If you read the blogs long enough you will see most of us post about books and reading martial every few months or so. That is because they are important to long term survival. I probably will not be around to help out the grandkids if we can keep from sliding over the edge for another decade. However, the supply of books and magazines I have left behind just may help insure my family’s survivability multi-generationally. If all that takes is for me to be a packrat, so be it.


Wednesday, November 9, 2011

Spending a Saturday Prepping, Sort of

Toolman, Tonto, and I escaped responsibilities Saturday and we loaded up and went to a pair of gunshows, a Fiber show and did some shopping. It was the first time we have all been together in a while. It was too bad E couldn’t join us.

We hit the first gun show and what we discovered was prices where up again. One example I can give is this. My Dad’s deer rifle was a Winchester ’94 in .32 Winchester Special. It is now the gun my son uses for deer hunting. It is not that common a caliber and when ever I see some at a cheap price I buy it. I picked up a couple of boxes for $15 three years ago and Two years ago I found it for $18 a box. This gun show I saw it from $22 to $28 and a couple older boxes were marked higher for their “collector value”.

Tonto wanted to pick up some extra magazines for one of his sidearm’s and the only one he found the guy wasn’t $30 for it and could not guarantee that it would work in Tonto’s model. Toolman could not find the items on his list at any price. I saw some very rough, rusted, ammo cans fro $5 each, the kind we used to pay a buck for. I did find a half box of .30-30 rounds for $3 which I thought was ok.

One booth had a lot of books that would be of interest to anyone building a survival library. Three different Country Wisdom volumes, several books on raising livestock and some on butchering said livestock. Another booth had a nice array of medical supplies that might be good to have for TEOTWAWKI. Gunshows still are great places for finding gear; just realize that prices are going up all the time.

We stopped at Dunham’s to look for a couple items. I found a box of .22s on sale for $17. That is the cheapest I have seen on a brick of .22s in a long while so I bought one. I noticed one lone box of M-1 carbine ammo and I picked it up. I about fell over looking at the price. I showed Tonto and his jaw dropped. Toolman came over and had the same jaw dropping reaction. Forty-five dollars a box!

Next door to the second gun show was a “Fiber Show”. We had no idea what a fiber show was and decided to walk over and check it our. Toolman opted to stay in the van and eat a polish dog so Tonto and I walked over. There was no charge to walk through so we did. There were a lot of animals there, each which produced a nice fur for yarn. Tonto explained that his girlfriend has a sweater and pair of socks made from alpaca yarn and she just loves it. He was half looking for another pair of socks for her. The highlight of the show for us was the camel they had on display. Tonto and I got to pet the camel. I asked the guy that was controlling the thing if he ever rode the camel. He said he rode it a lot. I asked him if that made him a camel jockey. Some woman standing there whirled around and gave me a dirty look, not appreciating my joke. Oh well, Tonto laughed.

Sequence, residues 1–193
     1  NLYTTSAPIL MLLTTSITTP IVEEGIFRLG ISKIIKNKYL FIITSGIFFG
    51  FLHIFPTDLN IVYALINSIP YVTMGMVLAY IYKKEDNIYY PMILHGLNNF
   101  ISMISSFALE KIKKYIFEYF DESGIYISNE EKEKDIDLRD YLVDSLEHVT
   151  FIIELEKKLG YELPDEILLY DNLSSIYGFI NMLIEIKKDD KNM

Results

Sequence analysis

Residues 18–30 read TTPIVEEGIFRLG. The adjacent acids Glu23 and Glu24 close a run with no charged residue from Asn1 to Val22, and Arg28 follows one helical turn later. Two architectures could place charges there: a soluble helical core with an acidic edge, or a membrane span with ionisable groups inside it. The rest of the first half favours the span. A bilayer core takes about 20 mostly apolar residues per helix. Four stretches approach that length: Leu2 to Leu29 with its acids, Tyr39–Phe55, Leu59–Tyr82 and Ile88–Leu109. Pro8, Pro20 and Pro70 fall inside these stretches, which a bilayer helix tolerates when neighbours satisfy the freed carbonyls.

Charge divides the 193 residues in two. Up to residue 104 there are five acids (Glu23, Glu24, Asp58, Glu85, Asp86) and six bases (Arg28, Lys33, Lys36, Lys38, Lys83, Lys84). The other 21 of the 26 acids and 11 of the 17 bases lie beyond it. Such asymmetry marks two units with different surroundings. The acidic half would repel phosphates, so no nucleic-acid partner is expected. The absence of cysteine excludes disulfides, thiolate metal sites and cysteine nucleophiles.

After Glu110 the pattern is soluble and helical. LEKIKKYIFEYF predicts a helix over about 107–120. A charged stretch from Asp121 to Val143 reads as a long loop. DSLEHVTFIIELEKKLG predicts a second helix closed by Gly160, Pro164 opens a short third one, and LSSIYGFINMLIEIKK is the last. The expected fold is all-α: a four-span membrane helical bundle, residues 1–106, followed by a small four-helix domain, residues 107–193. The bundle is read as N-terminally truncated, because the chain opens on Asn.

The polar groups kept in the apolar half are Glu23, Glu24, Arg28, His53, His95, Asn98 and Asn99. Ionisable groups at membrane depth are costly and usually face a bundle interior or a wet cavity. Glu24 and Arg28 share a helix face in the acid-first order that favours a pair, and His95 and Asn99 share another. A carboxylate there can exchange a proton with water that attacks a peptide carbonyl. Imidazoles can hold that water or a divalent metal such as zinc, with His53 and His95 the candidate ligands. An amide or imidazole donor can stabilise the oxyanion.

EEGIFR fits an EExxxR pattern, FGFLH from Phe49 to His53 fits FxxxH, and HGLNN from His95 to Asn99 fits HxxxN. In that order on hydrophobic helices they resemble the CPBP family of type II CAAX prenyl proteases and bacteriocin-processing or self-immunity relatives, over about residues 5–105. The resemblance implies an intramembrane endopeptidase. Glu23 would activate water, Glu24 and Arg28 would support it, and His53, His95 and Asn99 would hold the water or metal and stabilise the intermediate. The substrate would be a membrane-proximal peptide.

We did find that there are a lot of different models of spinning wheels and saw the possibilities of spinning yarn and making clothes as a barter item especially after TEOTWAWKI. We didn’t spend enough time there to really get a clear picture of what the fiber show was about and probably need to look into it more

After the gun shows and fiber show we returned to the farm and Toolman brought out his new Ruger LRC in .357. He had an accident at work and with his hand in a cast he could not cock the slide on his semi-auto so he got the little Ruger to carry. We all managed to punch some holes in the target with it and Tonto said that the stainless model had much better control than the aluminum model he shoot a couple weeks ago at the range.

It was nice for all of us to get together again even if it was only for a short time spending a Saturday prepping, sort of.


Wednesday, November 2, 2011

Alternate Plans for Staying Warm

I will admit that over the last month or so I have not had preparedness at the forefront of my mind. I was enjoying the fall days and busying myself with small things like trapping animals for my mother-in-law and reviewing old articles on prepping. Last Sunday my wife and I sat watching the news and saw the tons of snow that was dumped on New England and my wife turned to me and stated she sure was glad that didn’t happen here. It sort of jotted me that indeed it could happen here and I had not set up several of my back up plans for staying warm in a power outage.